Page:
This post is for our friend Tom and his family at Red Barn Farms. Tom just announced the amazing array of produce they are planting this year. We won’t be there to partake of all of it, but we can share a little bit of what our family is eating from the farm stands in Italy.
On Wednesdays, I now make it a habit to stop at the open market in Perugia’s Piazza Matteotti. It is a small market (compared to the Saturday market in the Pian di Massiano). The vendors are local producers of olive oil, wine, and cheese; and there is one family that sells produce. After picking up two pieces of fresh mozzarella and a wedge of pecorino (Jakob likes the sotto vino variety: aged under wine for at least 6 months), I make my way to the produce stand and try to think through the menu options for the week.
For several weeks we have been in the hearty winter greens stage (the only additional color on the table is provided by a few tomatoes that come from somewhere else in Italy and do not taste much better than the supermarket tomatoes we have at home). The Romanesco broccoli that the kids enjoyed is gone and we are now subsisting on rapi (broccoli rabe) and beitole (chard), which comes in several varieties (I am feeling iron fortified). But this week there were some new items on the table, including several different forms of radicchio that I had never seen before. The woman who runs the stand suggested I take an assaggio (taste) of each to see what we liked best.
I am not sure about the technical names for the two varieties of radicchio I got this week. Next week, I will ask if there is specific nomenclature. In the meantime, the larger bunch with the purple stalks (in the photo below) is similar to Radicchio Rosso di Treviso tardivo, a variety that come from the Veneto region of Italy. The tardivo means that is is harvested late in the season. Early in the season the leaves are still tightly packed together and it looks similar the radicchio we see in the grocery store (sometimes marketed as treviso, I think).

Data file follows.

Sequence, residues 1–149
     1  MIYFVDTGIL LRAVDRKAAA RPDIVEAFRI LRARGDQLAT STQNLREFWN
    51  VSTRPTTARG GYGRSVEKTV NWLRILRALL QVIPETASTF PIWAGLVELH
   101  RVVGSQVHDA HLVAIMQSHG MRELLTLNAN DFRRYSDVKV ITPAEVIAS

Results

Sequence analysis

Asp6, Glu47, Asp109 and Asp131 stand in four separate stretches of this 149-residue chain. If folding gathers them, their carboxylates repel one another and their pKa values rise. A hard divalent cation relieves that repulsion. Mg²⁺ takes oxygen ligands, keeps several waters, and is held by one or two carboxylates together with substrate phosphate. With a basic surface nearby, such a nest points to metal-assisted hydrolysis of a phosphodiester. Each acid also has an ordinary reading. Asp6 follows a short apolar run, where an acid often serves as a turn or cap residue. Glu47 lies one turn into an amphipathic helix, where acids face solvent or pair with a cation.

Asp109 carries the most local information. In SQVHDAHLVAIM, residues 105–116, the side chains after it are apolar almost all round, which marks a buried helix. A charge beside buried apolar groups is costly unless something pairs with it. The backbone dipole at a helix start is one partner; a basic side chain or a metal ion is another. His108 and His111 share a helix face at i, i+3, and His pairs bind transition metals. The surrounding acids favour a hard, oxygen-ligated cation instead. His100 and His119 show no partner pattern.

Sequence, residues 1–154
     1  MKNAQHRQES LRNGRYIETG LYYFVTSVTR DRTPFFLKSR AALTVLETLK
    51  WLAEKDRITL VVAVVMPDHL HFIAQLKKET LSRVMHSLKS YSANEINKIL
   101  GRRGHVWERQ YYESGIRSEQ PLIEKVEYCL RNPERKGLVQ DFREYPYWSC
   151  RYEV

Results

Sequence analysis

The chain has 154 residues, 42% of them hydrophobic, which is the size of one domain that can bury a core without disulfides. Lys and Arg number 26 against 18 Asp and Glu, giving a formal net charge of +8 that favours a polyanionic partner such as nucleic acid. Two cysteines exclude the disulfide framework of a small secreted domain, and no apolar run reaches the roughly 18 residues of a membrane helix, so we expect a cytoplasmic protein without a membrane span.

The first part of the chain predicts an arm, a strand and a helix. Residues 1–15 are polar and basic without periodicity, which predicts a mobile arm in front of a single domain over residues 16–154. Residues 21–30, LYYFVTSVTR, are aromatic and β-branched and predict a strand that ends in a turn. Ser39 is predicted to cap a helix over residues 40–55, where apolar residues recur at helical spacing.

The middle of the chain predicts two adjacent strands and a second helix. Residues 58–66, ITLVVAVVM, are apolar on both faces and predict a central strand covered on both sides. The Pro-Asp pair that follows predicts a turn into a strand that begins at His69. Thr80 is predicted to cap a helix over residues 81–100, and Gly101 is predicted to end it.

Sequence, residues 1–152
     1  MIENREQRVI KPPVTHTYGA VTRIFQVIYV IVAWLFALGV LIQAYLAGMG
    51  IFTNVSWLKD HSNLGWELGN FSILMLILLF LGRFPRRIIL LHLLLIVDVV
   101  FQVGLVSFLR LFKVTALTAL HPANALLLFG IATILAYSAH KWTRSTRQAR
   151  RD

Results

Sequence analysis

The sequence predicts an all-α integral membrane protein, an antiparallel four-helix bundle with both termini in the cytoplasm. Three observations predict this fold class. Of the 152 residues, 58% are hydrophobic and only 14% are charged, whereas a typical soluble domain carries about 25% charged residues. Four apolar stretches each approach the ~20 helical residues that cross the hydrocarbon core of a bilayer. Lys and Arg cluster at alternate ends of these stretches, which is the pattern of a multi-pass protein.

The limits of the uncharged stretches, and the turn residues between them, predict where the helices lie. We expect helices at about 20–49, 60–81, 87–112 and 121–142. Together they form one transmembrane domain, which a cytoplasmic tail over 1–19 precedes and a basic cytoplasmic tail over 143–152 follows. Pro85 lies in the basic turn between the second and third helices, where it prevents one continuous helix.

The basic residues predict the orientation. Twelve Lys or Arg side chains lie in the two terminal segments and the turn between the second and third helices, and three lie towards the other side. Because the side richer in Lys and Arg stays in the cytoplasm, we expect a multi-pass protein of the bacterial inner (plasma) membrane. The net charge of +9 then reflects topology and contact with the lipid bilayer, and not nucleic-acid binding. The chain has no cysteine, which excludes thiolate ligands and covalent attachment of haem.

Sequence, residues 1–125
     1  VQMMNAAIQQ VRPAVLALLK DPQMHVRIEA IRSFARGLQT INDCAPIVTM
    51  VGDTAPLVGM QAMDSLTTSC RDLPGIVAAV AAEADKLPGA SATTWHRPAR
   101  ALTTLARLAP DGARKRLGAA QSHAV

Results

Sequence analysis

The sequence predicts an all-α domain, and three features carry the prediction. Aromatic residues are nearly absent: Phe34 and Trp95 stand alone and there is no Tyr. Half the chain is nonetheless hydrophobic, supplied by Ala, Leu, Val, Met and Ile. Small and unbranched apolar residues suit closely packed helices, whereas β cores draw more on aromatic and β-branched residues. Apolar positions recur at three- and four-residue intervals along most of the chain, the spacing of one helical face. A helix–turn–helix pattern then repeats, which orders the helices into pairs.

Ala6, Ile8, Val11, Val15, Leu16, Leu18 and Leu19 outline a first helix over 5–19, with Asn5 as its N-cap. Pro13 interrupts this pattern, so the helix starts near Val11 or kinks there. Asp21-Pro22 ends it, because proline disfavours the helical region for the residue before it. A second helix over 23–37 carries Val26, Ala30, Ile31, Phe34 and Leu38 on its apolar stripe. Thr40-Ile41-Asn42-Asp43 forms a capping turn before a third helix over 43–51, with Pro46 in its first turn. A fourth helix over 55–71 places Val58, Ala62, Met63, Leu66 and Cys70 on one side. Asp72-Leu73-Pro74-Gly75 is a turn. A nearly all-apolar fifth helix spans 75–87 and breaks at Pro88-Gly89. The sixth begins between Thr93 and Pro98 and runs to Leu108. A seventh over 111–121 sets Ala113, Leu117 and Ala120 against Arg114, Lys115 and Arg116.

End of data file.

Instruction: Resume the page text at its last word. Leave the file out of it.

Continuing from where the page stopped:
But they bunch I picked up is more purple than red, so I am wondering if this is a local variation. Also, the Radicchio Rosso di Treviso is protected by the I.G.P. – Indicazione di geografica protetta – designation.
It was actually the little heads of green, looking like blooming brussel sprouts or stout versions of baby bok choy, that first caught my attention. I was surprised when the vendor said this was also radicchio.
Both of these varieties are mild in flavor and their leaves are tender compared to the radicchio we usually see. They taste just fine raw and would have made a nice salad but I decided to saute them with a little olive oil, salt, and balsamic vinegar.
It looked beautiful in the pan, but it quickly cooked down to almost nothing.
The flavor was nice, though, a little bite of bitterness tempered by the softness of the leaves and the sweetness from the balsamic vinegar.
If we had a grill, that might have been a better option. I am hoping that these late winter greens will still be available next week and I’ll get a chance to be more adventurous in using them.